If you’ve been putting off cleaning your backyard area, now is the time. From reviving patio furniture and fire pits to unsticking sliding doors, our easy expert tips get your outdoor space in tip-top shape so you can enjoy the warm days all season long.
Restore a fire pit with white vinegar.
Your fire pit adds beauty to your backyard, but after exposure to the elements, it may begin to rust. To restore it without hard scrubbing, try this method from landscaping expert Bryan McKenzie of BumperCropTimes.com.
“Dampen a cloth with white vinegar, then rub down the rusty metal,” he says. “Let sit for 10 minutes before rinsing and wiping clean. Acidic vinegar eats through the rust, leaving the metal surface underneath unharmed.”
De-grime a grill with onion.
Everyone looks forward to summer grilling, but getting caked-on grease and food bits off the grates can be a hassle. The fix? Just reach for an onion, says Surinder Multani, owner of BBQOutlets.com. “Turn the grill on hot. Cut an onion in half, then rub the onion —cut side down — along the grates. The acids help break up and remove buildup, no scrubbing needed. In fact, it’s safer than using a grill brush, which can leave tiny metal fibers behind that can get in your food.”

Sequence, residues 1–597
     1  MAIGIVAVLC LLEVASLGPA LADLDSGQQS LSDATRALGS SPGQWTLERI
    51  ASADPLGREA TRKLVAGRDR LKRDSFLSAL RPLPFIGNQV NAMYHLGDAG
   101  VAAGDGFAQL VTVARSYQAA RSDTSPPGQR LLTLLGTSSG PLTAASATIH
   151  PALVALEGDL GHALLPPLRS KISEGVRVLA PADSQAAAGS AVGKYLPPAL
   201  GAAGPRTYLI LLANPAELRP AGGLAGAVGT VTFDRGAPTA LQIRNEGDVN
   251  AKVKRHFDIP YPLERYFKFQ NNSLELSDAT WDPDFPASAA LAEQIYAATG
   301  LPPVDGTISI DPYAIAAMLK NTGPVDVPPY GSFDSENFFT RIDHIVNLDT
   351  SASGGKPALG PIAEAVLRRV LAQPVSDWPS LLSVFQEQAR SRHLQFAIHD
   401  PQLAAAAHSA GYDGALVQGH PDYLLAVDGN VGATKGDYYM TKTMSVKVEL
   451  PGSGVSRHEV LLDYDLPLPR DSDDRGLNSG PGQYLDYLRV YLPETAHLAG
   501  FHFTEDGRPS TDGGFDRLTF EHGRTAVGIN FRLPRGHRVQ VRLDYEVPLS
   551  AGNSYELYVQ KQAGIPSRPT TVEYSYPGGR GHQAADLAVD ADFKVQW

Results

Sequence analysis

Bonus tip: If you have a really grimy grill, check out this tutorial on how to get it squeaky clean.
Unstick a sliding door with vegetable oil.
Trouble opening your sliding patio door? The track may be clogged with gunk. The fix: “Lift debris out of the track using the hose attachment on your vacuum,” says Docia Boylen, owner of HandymanConnection.com. Then add 1 part vegetable oil and 3 parts water to a spray bottle and spritz the track. The oil dissolves any stuck-on dirt fast and helps the door slide with ease.
Renew outdoor cushions with baking soda.
To clean pollen-coated cushion covers, add ¼ cup of baking soda to the wash cycle, says Clive Harris of DIYGarden.co.uk. “The baking soda scrubs and lifts pollen out of fabric, leaving covers looking like new. And since baking soda is a natural deodorizer, they’ll smell great too!”
Perk up faded wood furniture with black tea.
Reviving weather-weary wood patio furniture is as easy as reaching for a damp black tea bag and rubbing it over the wood, says McKenzie. “Black tea is high in pigmented tannins, which soak into the wood and darken the color, almost like a light stain. It even makes small scratches vanish.” To seal it, buff with furniture polish.
This article originally appeared in our print magazine, Woman’s World.